Jim reels in his boat.

Jim pays out line from his throwbag on his boat.

IMGP0044When it was clear that Jim had a method that was working for him, I continued upstream to find the Horseraces campsite. On the other side of the peninsula, the channel had deepened again, so the paddling was easy. I flushed both a great blue heron and a kingfisher as I paddled past large pines and spruces. Shortly after the channel turned back northerly, and just past another shallow but short riffle, I found the site.

It was definitely what I would call a primitive site. No picnic table. No outhouse. A nice campfire ring, though, and plenty of tent space and available firewood.

So, once Jim and Tommy arrived, we discussed options: 1) Continue up what was expected to be another mile or so of rocky, shallow rapids (not a preferable option, considering the difficulty Jim had in walking up the short stretch we did); or 2) find the alleged portage trail that led to an old gravel pit nearby, from which a decent road led up to Caucomgomoc Dam. We did not know the condition of this portage, which had been reported to Katina Daanan (in her excellent “Through Paddlers Guide to the Northern Forest Canoe Trail”) to be “difficult to nearly impassable” as recently as 2012. Either option was not guaranteed to get us to Caucomgomoc Dam and find that campsite unoccupied.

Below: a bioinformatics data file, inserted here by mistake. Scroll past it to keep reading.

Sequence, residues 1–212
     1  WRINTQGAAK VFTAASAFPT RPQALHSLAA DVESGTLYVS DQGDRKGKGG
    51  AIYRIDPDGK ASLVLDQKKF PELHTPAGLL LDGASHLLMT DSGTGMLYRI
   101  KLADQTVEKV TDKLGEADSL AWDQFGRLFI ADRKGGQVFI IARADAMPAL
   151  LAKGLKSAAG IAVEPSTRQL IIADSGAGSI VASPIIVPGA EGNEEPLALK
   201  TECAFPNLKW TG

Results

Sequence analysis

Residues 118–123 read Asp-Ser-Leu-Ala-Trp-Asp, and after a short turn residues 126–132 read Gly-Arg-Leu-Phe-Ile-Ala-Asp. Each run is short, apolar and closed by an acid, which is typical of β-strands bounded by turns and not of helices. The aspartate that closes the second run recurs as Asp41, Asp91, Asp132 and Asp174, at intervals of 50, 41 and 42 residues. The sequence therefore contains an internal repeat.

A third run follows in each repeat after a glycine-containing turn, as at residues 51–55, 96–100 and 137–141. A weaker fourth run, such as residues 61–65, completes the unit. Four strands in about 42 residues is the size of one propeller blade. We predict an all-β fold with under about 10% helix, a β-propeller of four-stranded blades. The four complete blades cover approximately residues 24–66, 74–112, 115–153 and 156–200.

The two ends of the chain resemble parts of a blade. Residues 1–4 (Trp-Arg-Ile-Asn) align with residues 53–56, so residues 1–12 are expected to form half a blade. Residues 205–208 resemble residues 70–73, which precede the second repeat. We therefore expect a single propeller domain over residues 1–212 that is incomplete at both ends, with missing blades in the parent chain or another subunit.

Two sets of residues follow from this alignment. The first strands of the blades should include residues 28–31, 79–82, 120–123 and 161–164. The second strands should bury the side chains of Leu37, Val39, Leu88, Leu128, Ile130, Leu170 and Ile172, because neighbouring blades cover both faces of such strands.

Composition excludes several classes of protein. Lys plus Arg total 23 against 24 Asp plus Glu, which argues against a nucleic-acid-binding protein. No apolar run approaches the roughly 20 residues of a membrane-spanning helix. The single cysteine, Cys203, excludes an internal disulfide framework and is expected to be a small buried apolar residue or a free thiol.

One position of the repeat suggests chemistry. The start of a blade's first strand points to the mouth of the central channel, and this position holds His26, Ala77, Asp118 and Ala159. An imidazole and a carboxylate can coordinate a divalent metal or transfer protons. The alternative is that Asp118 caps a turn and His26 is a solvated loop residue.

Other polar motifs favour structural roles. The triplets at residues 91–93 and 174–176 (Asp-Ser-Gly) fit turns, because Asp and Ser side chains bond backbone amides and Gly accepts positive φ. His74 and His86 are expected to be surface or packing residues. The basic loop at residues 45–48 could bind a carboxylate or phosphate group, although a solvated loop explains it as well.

Mud Pond Carry Lite

Mud Pond Carry Lite

So, given that we were already pretty tired, having had a long day of it coming up Caucomgomoc with all its mud and winding and shallow rapids, we decided to camp. In the meantime, we scouted the portage, which someone had recently and conveniently marked with orange surveyors tape, and immediately dubbed it “Mud Pond Carry Lite”. The first couple hundred feet went through a very mucky swamp. If one was careful, it could be managed with a minimum of mud and muck in the toes, but it is tough to be that careful with a canoe in hand. Past the wetland, the trail goes up a couple steep slopes and ends up at the lower end of the gravel pit. From there, we could wheel our way up to the road, and onward.

Mud? Bugs? No problem.

Mud? Bugs? No problem.

So, after the boats got unloaded and we had a bite to eat and some liquid courage, we helped each other portage the boats and paddle gear up to the pit so that we would not have to deal with them in the morning. This was a muddy affair. The mud was so slick, I had trouble keeping my feet in place in my Tevas while walking downhill. It took several trips (in more than one sense of the word), but we managed to get it all out and stashed. One man’s “impassable” is another’s practice run for the real Mud Pond Carry, I guess.

After that chore was don, we set about getting our tents up and getting some firewood cut and split.  The weather forecast did not call for rain until later the following day, but the mare’s tails clouds I saw had got my guard up, so I decided to get a tarp over my tent.

Firewood duty.

Firewood duty.

Once all that was done, there was naught to do but have dinner, get a fire going, and sit back with some beers and a nip or three of Sailor Jerry. We kept glancing at the sky and seeing stars disappear. Hmmm. We also saw a pretty cool dragon in the fire.

Fire Dragon Head

Fire Dragon Head

Total Miles for the Day: 12.0 (including 11.0 new NFCT miles)